Opinion on the RKI COVID19 dashboard

The Robert Koch Institut (RKI) in germany provides a dashboard via ArcGIS to provide an overview over the current state of COVID in the country. I have some opinion on this from a web dev point of view.

Released: 27. Jan 2022
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This post is not about the pandemic situation itself. I'm neither a data scientist nor do I work in the medical sector.

I also want to mention that I highly appreciate the work of the RKI in even providing such a nice view on the data so it is accessible to everyone.

The following blogpost simply shows some thoughts of mine from a web developers point of view. I will implement some alternative visualizations. Those are just a different view and in general are probably not as useful as the one provided in the linked dashboard.


Before reading this blogpost you should probably take a look at the COVID Dashboard Germany created by the german Robert Koch Institut (RKI). It provides all necessary numbers and informations over the current and historical situation of the COVID-19 pandemic in germany.

All data is also available in an open COVID 19 datahub.

What is my problem with the dashboard?

It's actually really simple:

Screenshot from the Chrome Dev Tools network panel showing 376 requests and 6.6MB of transferred data

I know that Lighthouse reports aren't silver bullets, but they give a good indication of things and are also more or less reproducible.

As you can see, the dashboard loads massive amounts of data in many requests and takes over ten seconds to finish loading on my desktop pc with a wired broadband internet connection.

It gets even worse when we look at the desktop performance report. For some reason I even had to run the lighthouse tool about five times before even getting a result. The other times it either kept hanging or failed outright.

So now brace yourself, it's going to hurt:

Screenshot from the lighthouse performance

But why is it so large?

The dashboard does a lot of things and also the components it uses are shared between dashboards and download other dependencies on their own. This leads to a JS payload of 2.1MB spread over 84 requests. This is 10.3MB of uncompressed JavaScript. At that point even the included React library isn't noticeable anymore.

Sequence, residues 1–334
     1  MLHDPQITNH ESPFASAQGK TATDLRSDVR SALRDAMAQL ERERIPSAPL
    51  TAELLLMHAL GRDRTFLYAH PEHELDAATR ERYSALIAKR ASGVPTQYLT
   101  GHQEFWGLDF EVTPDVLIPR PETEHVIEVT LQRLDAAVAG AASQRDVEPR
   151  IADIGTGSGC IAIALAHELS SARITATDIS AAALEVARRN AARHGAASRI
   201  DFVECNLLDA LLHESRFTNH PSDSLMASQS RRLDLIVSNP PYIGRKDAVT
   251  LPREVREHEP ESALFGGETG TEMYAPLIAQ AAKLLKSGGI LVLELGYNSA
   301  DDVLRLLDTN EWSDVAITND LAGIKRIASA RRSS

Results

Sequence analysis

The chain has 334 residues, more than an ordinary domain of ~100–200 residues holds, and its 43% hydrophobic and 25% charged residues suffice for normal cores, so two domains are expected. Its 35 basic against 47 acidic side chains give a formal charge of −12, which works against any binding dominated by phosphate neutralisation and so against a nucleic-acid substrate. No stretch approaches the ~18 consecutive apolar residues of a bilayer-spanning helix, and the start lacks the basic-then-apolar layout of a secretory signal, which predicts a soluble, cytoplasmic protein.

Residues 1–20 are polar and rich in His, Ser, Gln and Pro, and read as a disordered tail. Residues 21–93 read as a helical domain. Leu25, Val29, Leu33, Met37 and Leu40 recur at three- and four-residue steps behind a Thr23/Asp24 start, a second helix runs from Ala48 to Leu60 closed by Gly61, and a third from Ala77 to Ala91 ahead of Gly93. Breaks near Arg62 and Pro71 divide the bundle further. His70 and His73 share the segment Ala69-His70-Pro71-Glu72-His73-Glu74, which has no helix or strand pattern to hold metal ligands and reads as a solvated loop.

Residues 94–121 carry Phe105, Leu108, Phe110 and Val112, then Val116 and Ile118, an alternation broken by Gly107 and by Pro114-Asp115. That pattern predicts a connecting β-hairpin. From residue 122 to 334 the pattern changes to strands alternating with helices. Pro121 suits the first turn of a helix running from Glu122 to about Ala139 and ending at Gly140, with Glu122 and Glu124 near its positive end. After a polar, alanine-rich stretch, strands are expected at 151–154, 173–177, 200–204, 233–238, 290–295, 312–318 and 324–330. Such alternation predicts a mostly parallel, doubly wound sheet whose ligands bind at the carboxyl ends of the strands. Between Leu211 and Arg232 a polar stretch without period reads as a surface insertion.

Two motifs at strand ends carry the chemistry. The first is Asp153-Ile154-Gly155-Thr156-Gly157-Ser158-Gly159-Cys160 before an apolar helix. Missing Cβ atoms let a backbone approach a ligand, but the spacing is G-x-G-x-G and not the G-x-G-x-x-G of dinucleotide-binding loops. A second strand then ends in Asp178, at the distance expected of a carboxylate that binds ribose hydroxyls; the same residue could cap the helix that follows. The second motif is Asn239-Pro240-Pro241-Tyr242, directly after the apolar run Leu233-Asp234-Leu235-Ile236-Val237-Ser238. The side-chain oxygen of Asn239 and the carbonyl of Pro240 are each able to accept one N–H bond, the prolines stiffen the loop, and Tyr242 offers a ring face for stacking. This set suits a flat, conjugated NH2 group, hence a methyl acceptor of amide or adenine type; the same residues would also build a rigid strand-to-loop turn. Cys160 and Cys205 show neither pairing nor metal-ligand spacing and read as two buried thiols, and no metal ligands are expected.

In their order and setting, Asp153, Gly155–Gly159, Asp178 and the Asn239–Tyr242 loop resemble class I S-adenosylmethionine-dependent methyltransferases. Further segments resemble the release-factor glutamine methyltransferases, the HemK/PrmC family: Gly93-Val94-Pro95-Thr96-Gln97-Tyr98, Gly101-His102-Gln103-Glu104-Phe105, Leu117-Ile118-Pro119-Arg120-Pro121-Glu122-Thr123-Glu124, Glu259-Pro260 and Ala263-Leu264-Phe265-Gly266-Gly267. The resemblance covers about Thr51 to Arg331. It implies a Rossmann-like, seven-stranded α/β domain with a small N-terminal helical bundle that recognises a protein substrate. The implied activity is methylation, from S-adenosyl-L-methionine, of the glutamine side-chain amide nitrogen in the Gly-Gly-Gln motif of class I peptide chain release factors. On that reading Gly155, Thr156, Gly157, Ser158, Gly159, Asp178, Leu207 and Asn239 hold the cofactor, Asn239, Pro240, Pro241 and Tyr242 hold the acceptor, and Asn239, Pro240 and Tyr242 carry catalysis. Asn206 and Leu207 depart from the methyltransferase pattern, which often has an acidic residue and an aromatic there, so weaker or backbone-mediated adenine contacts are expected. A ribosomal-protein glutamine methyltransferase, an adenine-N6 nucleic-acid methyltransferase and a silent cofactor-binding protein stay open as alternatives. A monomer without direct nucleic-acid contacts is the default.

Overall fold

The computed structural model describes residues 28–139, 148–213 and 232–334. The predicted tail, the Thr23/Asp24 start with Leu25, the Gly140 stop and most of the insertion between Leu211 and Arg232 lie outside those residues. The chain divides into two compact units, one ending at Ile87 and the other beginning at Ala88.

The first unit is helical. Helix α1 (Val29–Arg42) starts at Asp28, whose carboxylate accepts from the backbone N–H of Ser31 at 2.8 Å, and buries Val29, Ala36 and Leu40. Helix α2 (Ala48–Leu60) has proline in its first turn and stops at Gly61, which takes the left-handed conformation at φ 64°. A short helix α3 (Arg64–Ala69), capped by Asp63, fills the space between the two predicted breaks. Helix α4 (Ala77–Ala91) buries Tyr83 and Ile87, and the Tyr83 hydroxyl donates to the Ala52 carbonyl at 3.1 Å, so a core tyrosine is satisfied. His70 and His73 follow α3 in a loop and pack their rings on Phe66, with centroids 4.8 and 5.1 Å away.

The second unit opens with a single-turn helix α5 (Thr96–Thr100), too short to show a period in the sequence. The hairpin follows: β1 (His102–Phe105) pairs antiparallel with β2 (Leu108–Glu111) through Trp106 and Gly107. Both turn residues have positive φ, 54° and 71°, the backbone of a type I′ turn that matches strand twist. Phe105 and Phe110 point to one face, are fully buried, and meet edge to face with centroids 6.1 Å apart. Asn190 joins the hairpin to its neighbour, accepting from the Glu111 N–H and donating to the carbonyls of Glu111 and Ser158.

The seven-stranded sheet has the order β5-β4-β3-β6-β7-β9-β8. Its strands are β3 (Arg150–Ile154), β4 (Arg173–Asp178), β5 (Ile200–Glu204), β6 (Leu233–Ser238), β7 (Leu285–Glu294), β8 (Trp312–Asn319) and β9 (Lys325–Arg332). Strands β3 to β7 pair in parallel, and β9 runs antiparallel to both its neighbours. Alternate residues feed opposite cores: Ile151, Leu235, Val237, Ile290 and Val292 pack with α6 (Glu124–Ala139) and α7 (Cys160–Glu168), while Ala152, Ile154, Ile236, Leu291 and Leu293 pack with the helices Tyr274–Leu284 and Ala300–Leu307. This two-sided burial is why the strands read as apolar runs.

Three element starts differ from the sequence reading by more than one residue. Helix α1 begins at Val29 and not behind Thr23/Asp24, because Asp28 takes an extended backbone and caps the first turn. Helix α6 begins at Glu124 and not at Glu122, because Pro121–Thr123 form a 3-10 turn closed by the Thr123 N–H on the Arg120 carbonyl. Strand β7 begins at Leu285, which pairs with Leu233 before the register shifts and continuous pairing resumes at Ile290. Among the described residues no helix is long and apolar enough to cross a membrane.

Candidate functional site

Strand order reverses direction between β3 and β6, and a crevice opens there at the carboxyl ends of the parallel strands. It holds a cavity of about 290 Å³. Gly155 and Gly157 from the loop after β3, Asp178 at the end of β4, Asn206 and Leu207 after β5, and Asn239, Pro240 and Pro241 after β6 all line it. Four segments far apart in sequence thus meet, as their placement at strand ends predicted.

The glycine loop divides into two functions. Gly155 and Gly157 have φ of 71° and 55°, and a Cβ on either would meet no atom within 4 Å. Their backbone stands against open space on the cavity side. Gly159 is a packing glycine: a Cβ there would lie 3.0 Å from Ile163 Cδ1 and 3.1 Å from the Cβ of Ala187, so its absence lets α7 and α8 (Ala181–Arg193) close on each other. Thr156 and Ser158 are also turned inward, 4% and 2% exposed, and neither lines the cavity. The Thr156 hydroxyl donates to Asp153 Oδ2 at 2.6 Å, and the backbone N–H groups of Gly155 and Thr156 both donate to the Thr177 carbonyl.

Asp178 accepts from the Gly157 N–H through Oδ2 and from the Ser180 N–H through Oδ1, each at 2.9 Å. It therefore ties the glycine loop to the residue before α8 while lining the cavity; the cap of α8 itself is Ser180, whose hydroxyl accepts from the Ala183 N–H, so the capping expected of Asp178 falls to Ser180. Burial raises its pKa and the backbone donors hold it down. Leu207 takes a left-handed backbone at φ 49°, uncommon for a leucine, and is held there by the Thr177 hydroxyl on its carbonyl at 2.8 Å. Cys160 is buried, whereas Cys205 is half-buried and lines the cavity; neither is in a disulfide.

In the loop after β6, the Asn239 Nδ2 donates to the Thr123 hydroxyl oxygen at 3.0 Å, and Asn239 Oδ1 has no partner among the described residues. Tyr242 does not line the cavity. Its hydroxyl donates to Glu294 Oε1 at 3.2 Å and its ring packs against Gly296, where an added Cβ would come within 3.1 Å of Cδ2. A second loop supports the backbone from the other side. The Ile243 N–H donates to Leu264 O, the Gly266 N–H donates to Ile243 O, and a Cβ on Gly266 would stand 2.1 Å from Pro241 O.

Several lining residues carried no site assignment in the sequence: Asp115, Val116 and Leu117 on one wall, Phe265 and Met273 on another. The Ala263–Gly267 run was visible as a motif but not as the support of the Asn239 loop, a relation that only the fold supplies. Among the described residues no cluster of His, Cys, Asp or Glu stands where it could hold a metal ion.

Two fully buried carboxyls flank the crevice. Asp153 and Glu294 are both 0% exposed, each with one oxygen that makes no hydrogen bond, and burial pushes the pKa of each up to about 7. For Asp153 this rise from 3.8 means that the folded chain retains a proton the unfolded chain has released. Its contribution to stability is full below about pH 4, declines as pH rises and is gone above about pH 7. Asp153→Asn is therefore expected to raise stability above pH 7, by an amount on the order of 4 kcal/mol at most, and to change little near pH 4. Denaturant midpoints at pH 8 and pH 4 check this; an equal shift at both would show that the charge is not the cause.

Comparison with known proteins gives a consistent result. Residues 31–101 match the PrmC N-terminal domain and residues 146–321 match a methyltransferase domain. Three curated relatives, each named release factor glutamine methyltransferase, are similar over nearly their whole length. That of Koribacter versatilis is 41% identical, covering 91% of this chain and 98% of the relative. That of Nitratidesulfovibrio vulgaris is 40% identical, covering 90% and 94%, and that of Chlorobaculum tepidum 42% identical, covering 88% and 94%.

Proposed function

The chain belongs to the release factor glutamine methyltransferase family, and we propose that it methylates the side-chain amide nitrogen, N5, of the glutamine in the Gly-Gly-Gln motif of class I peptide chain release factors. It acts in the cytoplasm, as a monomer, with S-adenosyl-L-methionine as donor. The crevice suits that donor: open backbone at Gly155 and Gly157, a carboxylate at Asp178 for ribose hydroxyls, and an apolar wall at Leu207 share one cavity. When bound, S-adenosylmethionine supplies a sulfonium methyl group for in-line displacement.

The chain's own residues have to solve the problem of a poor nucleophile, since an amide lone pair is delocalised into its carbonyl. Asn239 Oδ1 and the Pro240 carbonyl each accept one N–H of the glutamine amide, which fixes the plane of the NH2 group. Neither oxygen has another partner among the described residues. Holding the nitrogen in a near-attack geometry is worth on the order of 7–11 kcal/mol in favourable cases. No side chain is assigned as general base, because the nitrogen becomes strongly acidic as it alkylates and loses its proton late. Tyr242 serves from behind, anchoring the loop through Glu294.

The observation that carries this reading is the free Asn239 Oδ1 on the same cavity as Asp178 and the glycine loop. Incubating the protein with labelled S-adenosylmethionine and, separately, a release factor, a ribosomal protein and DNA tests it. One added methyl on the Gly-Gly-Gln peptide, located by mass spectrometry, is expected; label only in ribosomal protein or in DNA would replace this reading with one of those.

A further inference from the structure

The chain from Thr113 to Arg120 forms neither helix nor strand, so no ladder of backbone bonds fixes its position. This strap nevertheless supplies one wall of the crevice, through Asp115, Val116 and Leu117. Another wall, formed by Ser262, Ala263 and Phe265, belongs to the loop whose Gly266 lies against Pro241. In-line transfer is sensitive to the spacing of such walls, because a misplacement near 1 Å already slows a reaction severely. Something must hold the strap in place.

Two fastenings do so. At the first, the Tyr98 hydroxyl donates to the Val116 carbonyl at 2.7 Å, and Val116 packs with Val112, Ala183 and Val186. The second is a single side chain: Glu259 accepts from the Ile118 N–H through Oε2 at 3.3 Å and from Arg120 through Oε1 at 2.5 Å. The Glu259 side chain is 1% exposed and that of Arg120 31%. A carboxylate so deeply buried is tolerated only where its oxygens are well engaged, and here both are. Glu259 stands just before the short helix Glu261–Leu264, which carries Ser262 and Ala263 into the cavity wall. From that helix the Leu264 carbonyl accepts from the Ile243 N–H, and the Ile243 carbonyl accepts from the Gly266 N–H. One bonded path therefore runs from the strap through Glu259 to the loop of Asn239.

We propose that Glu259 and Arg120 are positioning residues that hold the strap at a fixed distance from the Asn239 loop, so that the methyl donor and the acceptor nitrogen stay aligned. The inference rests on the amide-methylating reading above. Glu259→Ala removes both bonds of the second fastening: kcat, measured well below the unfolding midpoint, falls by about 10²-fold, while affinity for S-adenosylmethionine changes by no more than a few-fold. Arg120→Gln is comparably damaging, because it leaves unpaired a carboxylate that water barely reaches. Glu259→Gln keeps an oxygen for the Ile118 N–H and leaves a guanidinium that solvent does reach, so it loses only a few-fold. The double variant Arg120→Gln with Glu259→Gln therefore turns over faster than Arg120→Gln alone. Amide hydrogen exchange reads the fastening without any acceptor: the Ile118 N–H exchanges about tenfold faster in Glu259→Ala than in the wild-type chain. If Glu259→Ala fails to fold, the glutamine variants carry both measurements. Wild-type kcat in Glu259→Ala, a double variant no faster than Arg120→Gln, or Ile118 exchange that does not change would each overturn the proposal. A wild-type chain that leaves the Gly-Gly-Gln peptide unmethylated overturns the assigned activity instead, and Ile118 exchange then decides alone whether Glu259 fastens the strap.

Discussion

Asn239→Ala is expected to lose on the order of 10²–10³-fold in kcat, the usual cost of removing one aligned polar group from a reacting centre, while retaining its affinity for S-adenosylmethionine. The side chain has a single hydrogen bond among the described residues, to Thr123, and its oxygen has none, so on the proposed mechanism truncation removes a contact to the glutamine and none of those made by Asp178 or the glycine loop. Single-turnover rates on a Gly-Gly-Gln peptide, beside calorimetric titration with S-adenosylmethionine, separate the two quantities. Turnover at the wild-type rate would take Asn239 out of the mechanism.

So huge data makes things slow - It's as fast as possible?

Sadly: No.

If you take a closer look at the waterfall, you can see that it's a long linear flow. This is not good. In such a graph you would like to see strong vertical lines, since they mean that things are downloading in parallel. Here the requests trickle in nearly one by one and henceforth the download is spread out over a long time (since the dashboard is using h2, the number of connections is not a limiting factor).

Screenshot from the Chrome Dev Tools network panel showing bad request scheduling in the RKI Dashboard

Also downloading 169 request for data to display which result in 13.5MB of uncompressed data isn't exactly fast either.

This all leads to the following experience:

  • after about one second the user can see a little loading animation
  • after about 2.5 seconds the user sees the app shell with the basic layout of all elements.
  • after about two more seconds the first simple data (general 7-day incidence) comes in
  • after ten seconds finally the application finishes loading

Can it be faster?

Obviously, since I published this blogpost, I think it can be done faster. But it's easy to spit words, much harder to show something.

Let's set some requirements

For this to be actually a viable solution and possible to implement in the context of this blogposts, I set some limitations and requirements for a solution:

  1. Use the official data of the RKI Datahub
  2. Always use the current data - noone likes data that is days old
  3. Show the user the local, federal and nation wide 7-day incidence and total number of cases
  4. Show the user the local, federal and nation wide 7-day incidence and total number of deaths

The dataset

To fulfill requirement 1. and 2., we'll use the RKI Corona Landkreise dataset, since it includes data for the local level and allows us to calculate federal and nation wide numbers. Also it's served with the correct CORS headers, so we can fetch it directly from the client (Yay, Jamstack!).

Since we're only interested in the actual numbers and don't need the card data, we're going to use the CSV version of the data, since it's "only" 160KB uncompressed to download. It's still larger than I would've liked, but since it's pretty compressible, we actually only transfer about 50KB over the wire.

Used tooling

I will use LIT to achieve this. That way the resulting component could be embedded anywhere, since it's just a web component.

The result

This is now implemented as a web component and in under 90KB. This small widget shows some of the most important COVID data for germany in a really performant way and is always up-to-date.

Oh did I mention that the 90KB includes the about 50KB of CSV... And this whole blogpost including images? Take a look in the dev tools - the JS bundle for this page, that ships the web component and the LIT dependency is under 10KB.

I will probably expand this post in the future and show some details about the code, but until then you can take a look in my github in the source of this blog: GitHub Link to TS source fot this blogpost